If you are in the healthcare industry, records are a fundamental part of your business. Documenting a patient's medical history is vital, and you may have information dating back decades. Building a records retention policy can feel overwhelming, but it doesn't have to be. Here are a few tips on how to develop effective medical record retention policies.
First, start with understanding the regulations for your industry, which vary by state. These regulations define how long you need to retain patient records. For example, the rules define if there are different requirements for minor and adult patients, the requirements for a medical doctor versus a hospital, and how long to retain documents after a patient's death. Use resources such as HealthIT.gov to learn about your state's specific requirements.
Next, you should set a standard to define which files are considered active vs. inactive. The active files will be those you regularly use, such as with patients who make routine visits. For those patients who have not sought treatment in several years, you may label their files as inactive. These files will require less frequent access. The American Health Information Management Association has recommendations to help you make this determination.
Once you have determined which files you need to access frequently, develop an organization system to keep these active files handy. An alphabetical organization system of file cabinets for these active files is simple to implement. But your inactive files will require more work. Consider if you want to scan and index these files or store them offsite. Investigate the assistance of a documentation management firm like R4 Services that can consult with you and determine the most efficient solution for your needs.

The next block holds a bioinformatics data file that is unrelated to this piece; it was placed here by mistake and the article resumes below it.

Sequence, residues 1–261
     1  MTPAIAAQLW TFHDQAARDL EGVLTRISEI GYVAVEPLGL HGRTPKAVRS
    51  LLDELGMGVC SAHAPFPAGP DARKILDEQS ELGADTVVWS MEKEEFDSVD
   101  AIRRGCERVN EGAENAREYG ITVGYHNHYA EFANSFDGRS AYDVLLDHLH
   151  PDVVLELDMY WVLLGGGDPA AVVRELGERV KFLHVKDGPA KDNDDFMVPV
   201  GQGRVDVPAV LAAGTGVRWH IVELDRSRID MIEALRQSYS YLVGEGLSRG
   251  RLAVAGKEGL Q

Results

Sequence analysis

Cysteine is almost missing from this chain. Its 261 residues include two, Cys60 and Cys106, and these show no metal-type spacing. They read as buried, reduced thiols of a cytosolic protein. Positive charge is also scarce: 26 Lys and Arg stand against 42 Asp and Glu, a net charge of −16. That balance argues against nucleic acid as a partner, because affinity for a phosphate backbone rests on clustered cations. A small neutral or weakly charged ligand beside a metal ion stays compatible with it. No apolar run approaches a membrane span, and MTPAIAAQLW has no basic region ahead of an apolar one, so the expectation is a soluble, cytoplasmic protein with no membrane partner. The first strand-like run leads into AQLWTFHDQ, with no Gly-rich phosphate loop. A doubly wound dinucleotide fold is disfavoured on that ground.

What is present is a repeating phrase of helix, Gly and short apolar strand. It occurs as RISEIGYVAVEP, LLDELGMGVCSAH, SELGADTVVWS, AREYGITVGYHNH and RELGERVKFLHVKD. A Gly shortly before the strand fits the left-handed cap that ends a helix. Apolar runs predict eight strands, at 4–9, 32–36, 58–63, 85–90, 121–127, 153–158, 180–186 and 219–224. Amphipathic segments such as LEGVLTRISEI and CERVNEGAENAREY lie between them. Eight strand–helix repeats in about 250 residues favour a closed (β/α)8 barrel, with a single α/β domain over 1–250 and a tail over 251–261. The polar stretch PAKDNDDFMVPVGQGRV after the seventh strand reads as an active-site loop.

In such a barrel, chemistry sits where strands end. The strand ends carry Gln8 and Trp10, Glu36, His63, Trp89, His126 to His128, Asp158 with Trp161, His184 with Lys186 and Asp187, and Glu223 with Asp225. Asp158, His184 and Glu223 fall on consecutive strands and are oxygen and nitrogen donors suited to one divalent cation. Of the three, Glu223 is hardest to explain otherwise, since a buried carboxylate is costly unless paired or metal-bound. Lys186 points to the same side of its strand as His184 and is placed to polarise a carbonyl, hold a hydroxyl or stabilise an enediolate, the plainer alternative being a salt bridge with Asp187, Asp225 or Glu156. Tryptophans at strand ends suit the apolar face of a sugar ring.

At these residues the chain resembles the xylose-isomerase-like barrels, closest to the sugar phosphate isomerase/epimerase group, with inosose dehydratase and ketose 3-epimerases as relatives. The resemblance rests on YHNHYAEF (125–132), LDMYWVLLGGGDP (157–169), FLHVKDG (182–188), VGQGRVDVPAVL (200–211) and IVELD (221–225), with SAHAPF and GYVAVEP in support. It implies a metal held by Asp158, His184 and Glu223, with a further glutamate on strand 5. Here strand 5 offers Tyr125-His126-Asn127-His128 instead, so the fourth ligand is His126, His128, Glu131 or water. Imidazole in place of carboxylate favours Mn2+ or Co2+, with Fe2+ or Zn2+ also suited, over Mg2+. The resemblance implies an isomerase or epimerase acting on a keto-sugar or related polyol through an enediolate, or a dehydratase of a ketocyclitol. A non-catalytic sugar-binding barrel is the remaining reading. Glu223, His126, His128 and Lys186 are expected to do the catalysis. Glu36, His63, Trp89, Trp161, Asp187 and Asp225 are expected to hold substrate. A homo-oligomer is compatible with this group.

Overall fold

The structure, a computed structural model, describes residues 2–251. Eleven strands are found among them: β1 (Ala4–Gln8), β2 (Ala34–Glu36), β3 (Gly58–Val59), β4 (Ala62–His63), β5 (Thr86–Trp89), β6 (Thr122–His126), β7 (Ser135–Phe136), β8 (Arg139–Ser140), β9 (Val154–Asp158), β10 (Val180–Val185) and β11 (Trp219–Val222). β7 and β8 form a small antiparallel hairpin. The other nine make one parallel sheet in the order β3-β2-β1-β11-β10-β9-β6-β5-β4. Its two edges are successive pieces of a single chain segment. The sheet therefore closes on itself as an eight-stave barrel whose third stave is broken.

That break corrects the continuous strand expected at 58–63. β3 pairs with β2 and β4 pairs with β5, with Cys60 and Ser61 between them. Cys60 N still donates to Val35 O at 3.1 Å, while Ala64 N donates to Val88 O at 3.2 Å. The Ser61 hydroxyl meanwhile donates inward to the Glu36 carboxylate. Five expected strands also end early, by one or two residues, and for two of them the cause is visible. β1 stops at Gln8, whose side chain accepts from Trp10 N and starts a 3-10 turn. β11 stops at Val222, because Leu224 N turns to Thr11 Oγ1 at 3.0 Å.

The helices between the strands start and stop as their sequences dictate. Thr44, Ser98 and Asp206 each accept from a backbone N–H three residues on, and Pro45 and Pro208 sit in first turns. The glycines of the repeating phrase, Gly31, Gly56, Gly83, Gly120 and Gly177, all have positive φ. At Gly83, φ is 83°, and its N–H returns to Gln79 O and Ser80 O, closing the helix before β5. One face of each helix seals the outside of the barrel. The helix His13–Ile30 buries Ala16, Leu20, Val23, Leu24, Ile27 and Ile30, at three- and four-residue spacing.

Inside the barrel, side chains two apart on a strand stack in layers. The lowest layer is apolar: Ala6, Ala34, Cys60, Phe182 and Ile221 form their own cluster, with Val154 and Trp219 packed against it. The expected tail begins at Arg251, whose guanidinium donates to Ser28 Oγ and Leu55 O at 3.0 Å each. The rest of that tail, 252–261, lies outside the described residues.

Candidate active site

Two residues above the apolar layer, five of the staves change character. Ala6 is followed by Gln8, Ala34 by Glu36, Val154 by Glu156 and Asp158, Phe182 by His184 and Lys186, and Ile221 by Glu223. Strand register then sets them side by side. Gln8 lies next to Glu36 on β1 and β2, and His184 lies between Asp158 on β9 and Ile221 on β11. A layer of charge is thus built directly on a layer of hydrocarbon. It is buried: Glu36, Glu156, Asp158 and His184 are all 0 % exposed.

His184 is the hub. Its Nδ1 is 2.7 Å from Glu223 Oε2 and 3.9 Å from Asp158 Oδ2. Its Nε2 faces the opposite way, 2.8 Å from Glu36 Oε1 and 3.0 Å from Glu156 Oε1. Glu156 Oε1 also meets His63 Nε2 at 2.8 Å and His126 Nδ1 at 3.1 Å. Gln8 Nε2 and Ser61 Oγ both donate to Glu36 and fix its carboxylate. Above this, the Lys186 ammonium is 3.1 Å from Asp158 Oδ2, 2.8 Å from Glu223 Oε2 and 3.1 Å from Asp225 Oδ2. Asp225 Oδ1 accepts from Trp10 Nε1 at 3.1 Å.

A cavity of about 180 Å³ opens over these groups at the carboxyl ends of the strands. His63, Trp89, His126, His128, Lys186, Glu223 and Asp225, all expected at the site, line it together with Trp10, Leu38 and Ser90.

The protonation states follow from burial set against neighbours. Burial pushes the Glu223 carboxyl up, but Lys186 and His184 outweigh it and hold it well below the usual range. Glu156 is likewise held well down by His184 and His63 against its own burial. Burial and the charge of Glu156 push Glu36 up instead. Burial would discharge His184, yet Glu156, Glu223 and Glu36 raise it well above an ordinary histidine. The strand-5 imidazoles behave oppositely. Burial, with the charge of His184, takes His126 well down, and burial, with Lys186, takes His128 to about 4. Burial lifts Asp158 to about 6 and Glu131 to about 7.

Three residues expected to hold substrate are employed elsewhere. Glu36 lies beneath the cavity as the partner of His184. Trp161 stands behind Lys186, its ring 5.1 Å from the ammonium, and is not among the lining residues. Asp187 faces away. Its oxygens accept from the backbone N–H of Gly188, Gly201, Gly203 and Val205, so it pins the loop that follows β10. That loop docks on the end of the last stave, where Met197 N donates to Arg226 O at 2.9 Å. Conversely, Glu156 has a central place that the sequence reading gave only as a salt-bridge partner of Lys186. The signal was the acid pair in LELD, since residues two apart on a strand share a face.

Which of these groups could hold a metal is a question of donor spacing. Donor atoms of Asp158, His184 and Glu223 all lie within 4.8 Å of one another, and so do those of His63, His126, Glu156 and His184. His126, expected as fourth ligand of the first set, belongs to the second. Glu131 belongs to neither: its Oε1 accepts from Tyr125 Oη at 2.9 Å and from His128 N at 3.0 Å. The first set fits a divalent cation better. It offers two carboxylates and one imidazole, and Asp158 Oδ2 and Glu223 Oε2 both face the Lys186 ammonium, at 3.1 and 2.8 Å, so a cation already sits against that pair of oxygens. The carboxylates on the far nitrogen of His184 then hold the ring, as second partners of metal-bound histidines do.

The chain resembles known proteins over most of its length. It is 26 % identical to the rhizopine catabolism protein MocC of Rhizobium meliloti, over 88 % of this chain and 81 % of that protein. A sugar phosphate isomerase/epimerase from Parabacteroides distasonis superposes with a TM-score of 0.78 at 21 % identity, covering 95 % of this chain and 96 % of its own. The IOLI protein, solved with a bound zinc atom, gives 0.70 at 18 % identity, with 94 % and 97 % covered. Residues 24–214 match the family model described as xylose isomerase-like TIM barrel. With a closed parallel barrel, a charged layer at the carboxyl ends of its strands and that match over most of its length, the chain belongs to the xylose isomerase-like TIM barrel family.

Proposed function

Once an inactive file has passed its requirements for access, you don't need to continue to hang onto it. Instead, develop a plan to review your inactive files routinely, and flag those that no longer need to be retained. Determine a method for destroying electronic and paper files to ensure the private information is secure and you adhere to HIPAA standards.
Lastly, properly training your staff on retention procedures is essential to your policy’s success. Ensure that your retention policy is adequately covered in your employee handbook and whenever you onboard new employees. Additionally, consider running periodic training sessions to keep your staff updated on best practices and make them aware of any changes to your retention policy.
Developing a comprehensive records retention policy isn’t just about keeping you and your staff better organized; it’s also necessary to stay compliant with the law. At R4 Services, we’ll work with your healthcare organization to help you meet compliance requirements and optimize your records management process. Contact us today to get started.
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